Solution to February’s Puzzle: Counterfeit Coins


This puzzle is from Clifford Jensen. Suppose you have 10 stacks of coins, with 10 coins in each stack. One stack consists of 10 counterfeit coins and the other 9 stacks each consist of 10 legitimate coins. Each legitimate coin weighs exactly 1 gram. Each counterfeit coin weighs exactly 0.9 grams. You have a digital scale that’s graduated in tenths of grams. Using the scale to take only one reading, determine which stack has the 10 counterfeit coins. You can weigh any number of coins from any number of stacks, but must you weigh them all together (i.e., you can take only one reading from the scale).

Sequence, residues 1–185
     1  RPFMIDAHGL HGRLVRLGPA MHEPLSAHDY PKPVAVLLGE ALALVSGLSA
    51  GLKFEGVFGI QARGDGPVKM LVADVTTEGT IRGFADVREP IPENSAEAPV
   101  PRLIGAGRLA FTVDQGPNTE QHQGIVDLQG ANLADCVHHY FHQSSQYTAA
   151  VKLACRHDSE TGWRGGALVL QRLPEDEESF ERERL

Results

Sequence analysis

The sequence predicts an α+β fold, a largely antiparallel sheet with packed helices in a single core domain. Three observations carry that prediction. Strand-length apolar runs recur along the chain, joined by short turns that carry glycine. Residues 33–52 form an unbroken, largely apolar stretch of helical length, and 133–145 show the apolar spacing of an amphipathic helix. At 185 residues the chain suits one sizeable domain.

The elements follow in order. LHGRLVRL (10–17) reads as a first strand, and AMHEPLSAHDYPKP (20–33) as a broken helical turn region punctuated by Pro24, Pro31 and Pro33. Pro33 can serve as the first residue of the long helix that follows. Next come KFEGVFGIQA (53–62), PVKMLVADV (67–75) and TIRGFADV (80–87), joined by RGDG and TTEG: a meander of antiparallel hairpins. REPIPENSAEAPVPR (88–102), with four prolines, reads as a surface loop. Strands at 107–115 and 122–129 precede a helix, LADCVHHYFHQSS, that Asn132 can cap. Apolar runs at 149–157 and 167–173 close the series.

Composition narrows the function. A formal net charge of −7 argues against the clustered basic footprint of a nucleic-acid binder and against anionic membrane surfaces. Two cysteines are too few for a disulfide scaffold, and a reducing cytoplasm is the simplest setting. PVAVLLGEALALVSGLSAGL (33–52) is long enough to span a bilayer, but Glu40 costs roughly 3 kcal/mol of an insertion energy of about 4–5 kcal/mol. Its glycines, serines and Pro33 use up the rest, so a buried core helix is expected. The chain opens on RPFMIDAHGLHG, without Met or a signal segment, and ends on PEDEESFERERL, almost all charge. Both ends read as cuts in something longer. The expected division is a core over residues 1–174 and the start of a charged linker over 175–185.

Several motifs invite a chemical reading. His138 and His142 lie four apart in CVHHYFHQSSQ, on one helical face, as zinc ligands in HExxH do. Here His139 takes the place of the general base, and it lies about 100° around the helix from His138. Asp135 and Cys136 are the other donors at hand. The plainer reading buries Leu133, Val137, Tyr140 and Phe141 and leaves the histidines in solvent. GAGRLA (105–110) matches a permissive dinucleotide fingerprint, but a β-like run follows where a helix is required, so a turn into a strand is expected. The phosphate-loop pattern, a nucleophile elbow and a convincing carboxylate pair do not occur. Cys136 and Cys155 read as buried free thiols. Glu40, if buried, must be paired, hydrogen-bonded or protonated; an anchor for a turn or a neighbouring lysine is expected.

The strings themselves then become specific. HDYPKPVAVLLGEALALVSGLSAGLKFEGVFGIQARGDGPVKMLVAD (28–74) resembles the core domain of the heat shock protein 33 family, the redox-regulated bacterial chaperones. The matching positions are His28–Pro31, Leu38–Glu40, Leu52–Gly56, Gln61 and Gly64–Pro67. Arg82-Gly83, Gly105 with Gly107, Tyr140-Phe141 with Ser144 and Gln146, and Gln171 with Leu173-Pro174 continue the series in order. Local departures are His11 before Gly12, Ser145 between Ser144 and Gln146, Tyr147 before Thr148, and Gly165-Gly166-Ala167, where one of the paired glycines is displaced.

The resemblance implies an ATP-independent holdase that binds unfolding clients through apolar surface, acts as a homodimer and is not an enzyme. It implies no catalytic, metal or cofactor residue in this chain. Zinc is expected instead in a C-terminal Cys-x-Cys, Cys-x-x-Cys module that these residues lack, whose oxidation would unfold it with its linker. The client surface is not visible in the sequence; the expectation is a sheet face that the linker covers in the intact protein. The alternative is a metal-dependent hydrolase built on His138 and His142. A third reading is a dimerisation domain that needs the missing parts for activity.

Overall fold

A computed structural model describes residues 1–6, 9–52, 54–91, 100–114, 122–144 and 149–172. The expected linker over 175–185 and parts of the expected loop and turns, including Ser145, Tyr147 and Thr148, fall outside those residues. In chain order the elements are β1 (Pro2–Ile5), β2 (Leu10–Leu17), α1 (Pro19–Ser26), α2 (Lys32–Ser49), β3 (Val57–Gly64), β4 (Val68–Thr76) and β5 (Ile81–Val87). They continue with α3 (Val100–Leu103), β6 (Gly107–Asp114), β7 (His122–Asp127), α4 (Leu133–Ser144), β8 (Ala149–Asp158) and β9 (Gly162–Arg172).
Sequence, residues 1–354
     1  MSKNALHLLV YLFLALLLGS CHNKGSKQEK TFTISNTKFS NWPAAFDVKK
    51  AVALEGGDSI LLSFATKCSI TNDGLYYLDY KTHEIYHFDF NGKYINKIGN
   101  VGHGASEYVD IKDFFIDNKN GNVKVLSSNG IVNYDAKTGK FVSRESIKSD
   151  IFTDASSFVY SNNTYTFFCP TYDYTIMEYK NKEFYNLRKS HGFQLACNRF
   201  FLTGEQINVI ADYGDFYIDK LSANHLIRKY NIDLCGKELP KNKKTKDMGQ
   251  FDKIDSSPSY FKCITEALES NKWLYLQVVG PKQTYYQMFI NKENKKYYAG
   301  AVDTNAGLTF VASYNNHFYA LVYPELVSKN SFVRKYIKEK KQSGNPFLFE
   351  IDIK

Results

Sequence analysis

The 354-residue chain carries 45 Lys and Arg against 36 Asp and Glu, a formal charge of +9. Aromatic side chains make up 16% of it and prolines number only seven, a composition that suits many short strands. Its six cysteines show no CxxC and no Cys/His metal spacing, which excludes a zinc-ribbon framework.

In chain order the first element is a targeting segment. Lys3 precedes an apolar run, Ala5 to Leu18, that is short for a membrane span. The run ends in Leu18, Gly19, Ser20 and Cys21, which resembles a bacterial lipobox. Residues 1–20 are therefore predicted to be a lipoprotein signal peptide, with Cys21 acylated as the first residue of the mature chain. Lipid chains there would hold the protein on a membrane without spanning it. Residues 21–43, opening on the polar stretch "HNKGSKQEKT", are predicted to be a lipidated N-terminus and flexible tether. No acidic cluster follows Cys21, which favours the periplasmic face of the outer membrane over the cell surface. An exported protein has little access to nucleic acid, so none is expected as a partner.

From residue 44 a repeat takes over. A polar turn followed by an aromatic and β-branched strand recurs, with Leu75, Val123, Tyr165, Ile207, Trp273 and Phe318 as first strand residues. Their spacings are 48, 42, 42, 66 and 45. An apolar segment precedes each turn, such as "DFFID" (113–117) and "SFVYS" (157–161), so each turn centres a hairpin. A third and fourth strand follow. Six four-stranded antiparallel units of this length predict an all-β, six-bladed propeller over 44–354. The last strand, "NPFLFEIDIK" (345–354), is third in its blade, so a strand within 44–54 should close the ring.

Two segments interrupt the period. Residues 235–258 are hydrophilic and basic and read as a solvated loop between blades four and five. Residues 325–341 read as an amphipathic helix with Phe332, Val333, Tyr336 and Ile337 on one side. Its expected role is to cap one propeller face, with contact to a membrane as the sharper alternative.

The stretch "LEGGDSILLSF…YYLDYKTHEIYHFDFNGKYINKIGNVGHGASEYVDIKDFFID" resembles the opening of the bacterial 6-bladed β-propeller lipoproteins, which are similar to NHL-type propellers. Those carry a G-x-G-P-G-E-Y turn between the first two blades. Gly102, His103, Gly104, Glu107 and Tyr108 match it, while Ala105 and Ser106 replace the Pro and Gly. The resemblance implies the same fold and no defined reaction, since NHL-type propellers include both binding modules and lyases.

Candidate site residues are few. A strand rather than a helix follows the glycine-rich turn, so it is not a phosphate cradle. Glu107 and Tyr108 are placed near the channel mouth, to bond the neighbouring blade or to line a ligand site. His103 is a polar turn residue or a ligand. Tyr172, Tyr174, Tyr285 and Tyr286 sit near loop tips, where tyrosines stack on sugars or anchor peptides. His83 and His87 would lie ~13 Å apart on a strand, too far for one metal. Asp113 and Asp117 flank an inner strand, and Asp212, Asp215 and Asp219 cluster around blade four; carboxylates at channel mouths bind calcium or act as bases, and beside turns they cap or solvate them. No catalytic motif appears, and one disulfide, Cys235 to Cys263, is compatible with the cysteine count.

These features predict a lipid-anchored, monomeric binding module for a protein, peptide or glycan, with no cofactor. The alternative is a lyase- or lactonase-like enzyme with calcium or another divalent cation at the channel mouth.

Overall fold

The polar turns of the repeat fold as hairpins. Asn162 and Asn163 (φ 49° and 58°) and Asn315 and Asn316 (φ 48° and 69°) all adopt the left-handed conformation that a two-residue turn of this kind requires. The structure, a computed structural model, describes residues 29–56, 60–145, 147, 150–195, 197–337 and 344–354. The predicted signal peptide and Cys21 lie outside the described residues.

Take 1 coin from stack #1, 2 coins from stack #2, and so on. Weigh the stack of 55 coins. If all the coins were legitimate, the scale would show 55 grams. If stack #3 is the stack of counterfeit coins, the scale will show 54.7 grams because the pile of coins you weighed contains 3 counterfeit coins and is therefore 0.3 grams light. More generally, if stack n is the stack of counterfeit coins and w is the weight the scale shows, then n = (55.0 - w)/0.1.

March’s Puzzle: Too Clever by Half


A chicken and a half lay an egg and a half in a day and a half. How many eggs would one chicken lay in three days? A builder and a half build a house and a half in a year and a half using a tool and a half. How many houses would one builder build in nine years? Can you generalize your calculation to solve both equations?